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Wednesday, February 9, 2011

9 Retirement Benefit Changes Coming in 2011


Many employers are planning to tweak their retirement benefits this year. Nearly 70 percent of firms plan to review their 401(k) and pension programs and potentially make changes in 2011, according to an Aon Hewitt survey of 210 companies employing 6.2 million workers. Here is how employers are likely to alter their retirement benefits this year.

[See 10 Winter Wonderlands for Retirement.]

Automatic 401(k) features. The most commonly offered retirement benefit is a 401(k) or similar type of tax-favored retirement account (94 percent). And most companies are increasingly automating how workers save and invest in the plan. Over half (57 percent) of the employers surveyed automatically sign up new workers for the 401(k) and another 13 percent plan to implement automatic enrollment this year. Many companies are also planning to begin automatically increasing the amount workers contribute to the 401(k) plan (26 percent) and automatically rebalancing their investments (33 percent) during the coming year. These automatic features are typically applied only to new hires. Just 18 percent of the companies surveyed are planning to automatically enroll existing employees.

Roth 401(k)s. Just over a third (34 percent) of employers currently offer a Roth 401(k), up from 29 percent a year ago. And another 38 percent of companies plan to add a Roth option in 2011.

Target-date funds. Target-date or lifecycle funds have become nearly universally offered as a 401(k) investment option (83 percent). And 39 percent of companies without target-date funds intend to add them to the fund lineup this year. But the investment strategy of target-date funds varies considerably from company to company. A target-date fund’s mix of stocks, bonds, and cash will grow more conservative over time. About half (53 percent) of these target-date funds reach their most conservative investment allocation during the year in the fund’s name. The other half (47 percent) of the target-date funds continue to grow more conservative after the employee retires.

[See 5 Ways to Make Your 401(k) Balance Last Longer.]

More investment options. Firms are aiming to change their fund lineups with an eye on the bottom line. About half of employers (53 percent) plan to seek out lower cost fund options next year. Managed accounts are also increasing in popularity, with 36 percent of employers offering them and another 30 percent planning to add them as an investment option.

Add annuities. There is increasing interest in adding annuity features to 401(k) plans. Some 19 percent of companies currently offer a retirement income stream option to employees, and another 13 percent plan to add this feature in 2011. Some employers (13 percent) also facilitate the purchase of an annuity outside the plan.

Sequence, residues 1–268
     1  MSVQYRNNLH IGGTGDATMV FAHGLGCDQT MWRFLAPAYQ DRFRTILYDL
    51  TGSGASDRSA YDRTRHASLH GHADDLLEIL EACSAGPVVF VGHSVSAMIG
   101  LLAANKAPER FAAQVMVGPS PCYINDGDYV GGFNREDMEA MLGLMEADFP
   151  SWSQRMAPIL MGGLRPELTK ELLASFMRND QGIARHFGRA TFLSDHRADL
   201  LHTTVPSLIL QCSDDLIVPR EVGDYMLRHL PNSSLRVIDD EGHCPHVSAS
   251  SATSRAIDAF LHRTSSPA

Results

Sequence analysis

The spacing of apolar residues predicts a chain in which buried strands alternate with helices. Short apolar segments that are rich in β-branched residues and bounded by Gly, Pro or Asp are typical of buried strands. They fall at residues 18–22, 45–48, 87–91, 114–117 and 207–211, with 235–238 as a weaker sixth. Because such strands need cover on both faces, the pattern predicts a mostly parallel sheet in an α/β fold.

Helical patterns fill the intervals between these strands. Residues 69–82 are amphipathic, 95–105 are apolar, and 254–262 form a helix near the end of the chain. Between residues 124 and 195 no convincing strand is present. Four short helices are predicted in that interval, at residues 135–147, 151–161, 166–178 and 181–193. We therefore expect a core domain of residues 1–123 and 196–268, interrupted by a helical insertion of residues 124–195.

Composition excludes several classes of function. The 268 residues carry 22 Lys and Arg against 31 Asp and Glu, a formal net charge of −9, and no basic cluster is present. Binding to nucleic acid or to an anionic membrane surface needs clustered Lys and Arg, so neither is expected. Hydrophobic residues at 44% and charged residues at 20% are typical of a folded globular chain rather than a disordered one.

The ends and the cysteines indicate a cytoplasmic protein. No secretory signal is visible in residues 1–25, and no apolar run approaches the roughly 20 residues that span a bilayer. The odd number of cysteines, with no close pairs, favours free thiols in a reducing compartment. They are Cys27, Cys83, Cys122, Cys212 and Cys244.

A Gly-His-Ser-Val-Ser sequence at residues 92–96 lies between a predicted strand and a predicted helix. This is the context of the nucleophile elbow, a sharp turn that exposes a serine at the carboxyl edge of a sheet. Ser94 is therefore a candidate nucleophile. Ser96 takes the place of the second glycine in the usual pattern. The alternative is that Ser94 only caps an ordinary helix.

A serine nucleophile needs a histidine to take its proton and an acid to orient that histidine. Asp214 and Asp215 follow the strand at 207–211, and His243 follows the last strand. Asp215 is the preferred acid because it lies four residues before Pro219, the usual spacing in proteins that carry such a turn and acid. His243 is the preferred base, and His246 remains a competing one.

401(k) matches slowly return. Almost a quarter (23 percent) of the employers surveyed suspended or reduced company 401(k) matching contributions in the past two years. About half (55 percent) of these employers have since fully or partially reinstated the match. The rest plan to resume the match in 2011 (18 percent), boost company contributions in 2012 or later (11 percent), or continue to go matchless.

Little employee input. Only a quarter of employers plan to collect data on employee preferences for the retirement program in the coming year. Employers are much more interested in measuring how competitive the retirement program is compared to other employers (65 percent) than whether the retirement plan will provide an adequate retirement income for employees (44 percent). Fewer than a third (30 percent) of companies are confident employees are sufficiently prepared for retirement.

[See 6 Retirement Planning Regrets.]

Pension freezes. Traditional pensions are likely to continue their steady decline next year. Only 28 percent of those surveyed still offer traditional pension benefits to newly hired employees, compared to 69 percent that once had a pension plan. Some of the companies with pension benefits say they will close the plan to new hires (13 percent) or freeze accruals for all employees (16 percent) in the coming year.

Costly retiree medical benefits. Even fewer companies (22 percent) offer subsidized retiree medical plans to new hires. Workers who do get this benefit will generally have to pay more for it next year. Employers that provide retiree health insurance are planning to increase retiree contributions to premiums (73 percent) and raise cost-sharing requirements (59 percent).

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